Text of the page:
Francis told us about the Muhoza gorilla group we would be visiting. We learned that most gorilla groups have only one silverback gorilla and that the silverbacks are the older leaders of a group of mountain gorillas, typically growing that silver saddle on their back after 12 years.
After a short drive we arrived at a trailhead near the extinct Sabyinyo volcano. We were told the extremely bumpy ride was an "African massage"—a joke we would hear numerous times in the days to come.
Along the way Francis would stop to explain some of the foliage we passed. He's quite the character, even going so far as to show us how gorillas would peel the bark off eucalyptus trees with their teeth to get at the pulp underneath.
We hiked for about an hour before waiting to hear from the trackers via radio. The park keeps meticulous tabs on the gorilla groups with many experienced trackers that head into the mountains early every day to find where each gorilla group migrated since their last sighting, as well as take note of general health of the groups. With barely 1,000 left in the wild, mountain gorillas are severely endangered.
By the time we had hiked closer to the base of the mountain, the trackers had still not located the Muhoza group. About 30 minutes would pass before they were found and we could proceed with our trek.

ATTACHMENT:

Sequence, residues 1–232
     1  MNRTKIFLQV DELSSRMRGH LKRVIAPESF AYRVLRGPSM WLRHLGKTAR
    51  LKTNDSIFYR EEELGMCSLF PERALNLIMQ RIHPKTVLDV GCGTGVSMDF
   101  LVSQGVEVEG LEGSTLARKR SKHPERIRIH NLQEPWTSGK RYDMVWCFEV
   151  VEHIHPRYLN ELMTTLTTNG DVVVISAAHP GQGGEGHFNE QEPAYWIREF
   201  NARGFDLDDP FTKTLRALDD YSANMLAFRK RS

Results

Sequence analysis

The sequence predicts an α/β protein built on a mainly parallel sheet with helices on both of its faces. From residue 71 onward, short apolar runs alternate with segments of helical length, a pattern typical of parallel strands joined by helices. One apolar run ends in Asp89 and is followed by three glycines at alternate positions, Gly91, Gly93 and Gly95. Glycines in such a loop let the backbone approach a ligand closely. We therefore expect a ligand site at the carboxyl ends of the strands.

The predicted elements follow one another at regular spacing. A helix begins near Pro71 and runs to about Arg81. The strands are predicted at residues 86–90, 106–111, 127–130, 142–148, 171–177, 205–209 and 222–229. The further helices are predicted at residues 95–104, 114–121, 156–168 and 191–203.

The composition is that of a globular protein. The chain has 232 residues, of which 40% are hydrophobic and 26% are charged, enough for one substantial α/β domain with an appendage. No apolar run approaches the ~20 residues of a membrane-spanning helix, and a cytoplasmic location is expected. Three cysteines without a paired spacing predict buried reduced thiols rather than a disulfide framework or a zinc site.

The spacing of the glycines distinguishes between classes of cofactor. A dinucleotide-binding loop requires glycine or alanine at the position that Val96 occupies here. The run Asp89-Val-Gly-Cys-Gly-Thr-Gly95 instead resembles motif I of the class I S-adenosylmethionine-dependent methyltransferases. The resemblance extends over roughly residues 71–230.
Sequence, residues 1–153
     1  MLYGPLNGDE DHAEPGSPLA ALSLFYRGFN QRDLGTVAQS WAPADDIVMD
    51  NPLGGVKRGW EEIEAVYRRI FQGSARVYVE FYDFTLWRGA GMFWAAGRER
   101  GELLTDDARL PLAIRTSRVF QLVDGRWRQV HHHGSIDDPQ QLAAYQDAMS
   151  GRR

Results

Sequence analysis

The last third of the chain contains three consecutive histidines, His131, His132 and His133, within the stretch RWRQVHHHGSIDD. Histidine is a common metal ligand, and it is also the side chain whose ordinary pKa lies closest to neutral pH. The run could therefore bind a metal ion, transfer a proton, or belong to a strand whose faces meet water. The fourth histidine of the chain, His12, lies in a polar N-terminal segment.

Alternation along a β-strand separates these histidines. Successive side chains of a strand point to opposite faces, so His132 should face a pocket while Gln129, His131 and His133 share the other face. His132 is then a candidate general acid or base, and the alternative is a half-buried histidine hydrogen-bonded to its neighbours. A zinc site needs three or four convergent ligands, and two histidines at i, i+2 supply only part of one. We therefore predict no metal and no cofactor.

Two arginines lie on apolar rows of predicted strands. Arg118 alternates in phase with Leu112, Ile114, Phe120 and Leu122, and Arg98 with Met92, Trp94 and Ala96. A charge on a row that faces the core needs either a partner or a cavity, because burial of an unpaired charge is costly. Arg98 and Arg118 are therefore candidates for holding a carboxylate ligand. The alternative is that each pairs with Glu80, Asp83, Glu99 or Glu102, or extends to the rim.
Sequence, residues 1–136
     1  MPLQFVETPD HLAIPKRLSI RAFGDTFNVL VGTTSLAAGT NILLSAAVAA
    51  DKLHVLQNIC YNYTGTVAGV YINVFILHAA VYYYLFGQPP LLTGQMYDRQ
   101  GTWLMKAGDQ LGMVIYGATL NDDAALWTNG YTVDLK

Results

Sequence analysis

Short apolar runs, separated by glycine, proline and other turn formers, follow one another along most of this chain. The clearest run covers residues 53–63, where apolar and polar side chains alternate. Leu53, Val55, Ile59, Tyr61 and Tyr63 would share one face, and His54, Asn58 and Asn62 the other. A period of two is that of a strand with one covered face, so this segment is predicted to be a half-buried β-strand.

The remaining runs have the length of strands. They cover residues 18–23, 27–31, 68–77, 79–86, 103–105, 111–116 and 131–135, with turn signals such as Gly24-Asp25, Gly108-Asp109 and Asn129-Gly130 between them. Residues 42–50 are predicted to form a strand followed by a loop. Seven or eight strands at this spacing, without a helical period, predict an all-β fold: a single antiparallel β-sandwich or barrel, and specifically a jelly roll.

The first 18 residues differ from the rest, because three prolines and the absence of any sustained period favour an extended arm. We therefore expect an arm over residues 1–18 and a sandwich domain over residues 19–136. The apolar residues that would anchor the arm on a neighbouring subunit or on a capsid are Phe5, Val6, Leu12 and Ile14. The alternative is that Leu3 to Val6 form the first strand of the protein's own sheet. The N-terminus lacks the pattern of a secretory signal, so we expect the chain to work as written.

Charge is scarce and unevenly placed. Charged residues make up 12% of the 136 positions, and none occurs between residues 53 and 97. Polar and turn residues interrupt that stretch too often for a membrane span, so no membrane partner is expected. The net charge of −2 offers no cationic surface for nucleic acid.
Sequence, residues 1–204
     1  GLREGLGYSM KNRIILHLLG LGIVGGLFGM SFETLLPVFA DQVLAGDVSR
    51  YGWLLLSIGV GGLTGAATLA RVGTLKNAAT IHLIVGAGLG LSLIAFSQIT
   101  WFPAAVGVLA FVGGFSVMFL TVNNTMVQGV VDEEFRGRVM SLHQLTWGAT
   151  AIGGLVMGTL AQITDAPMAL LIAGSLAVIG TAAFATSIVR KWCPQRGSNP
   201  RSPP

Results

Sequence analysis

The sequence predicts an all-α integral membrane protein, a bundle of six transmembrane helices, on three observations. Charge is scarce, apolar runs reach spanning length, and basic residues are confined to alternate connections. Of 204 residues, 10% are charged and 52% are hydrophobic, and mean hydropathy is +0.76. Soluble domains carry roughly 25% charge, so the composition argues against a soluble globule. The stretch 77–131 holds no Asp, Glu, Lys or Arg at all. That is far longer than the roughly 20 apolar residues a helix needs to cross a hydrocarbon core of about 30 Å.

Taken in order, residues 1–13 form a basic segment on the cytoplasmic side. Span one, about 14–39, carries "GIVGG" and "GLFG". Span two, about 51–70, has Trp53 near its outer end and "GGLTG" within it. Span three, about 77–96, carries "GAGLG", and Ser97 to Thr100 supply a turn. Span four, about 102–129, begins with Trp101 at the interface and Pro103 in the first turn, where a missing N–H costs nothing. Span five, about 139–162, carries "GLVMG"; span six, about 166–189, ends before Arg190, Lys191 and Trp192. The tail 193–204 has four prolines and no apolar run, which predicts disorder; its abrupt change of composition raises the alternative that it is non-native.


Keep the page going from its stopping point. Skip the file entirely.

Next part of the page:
When we arrived at a spot near the gorillas, we were told to put our bags and non-essential items on the ground and leave it with the porters. We were informed not to make lengthy eye contact with the gorillas, about what to do if a gorilla beat their chest at us and even what sound we should make if they came too close (a low grunting "contact call" to show non-aggression.)
We learned that the juvenile gorillas were typically the troublemakers in each group and may try to come closer and show off. There was also one guide in our group with a rifle, just-in-case.
We quietly approached two gorillas as they were eating some lush vegetation a bit above us. This would begin the timer on the one hour we would have to view the gorilla group. It's a hard limit set by the park to ensure the gorillas don't get too much human contact.
After a few moments, the silverback male and an adult female chased each other into the bamboo forest, where Francis eagerly told us to follow him. As he had predicted, the gorillas were about to "jiggy-jiggy." This was a rare sight to see.
Afterwards we saw an infant gorilla and a juvenile gorilla emerge from elsewhere in the bamboo.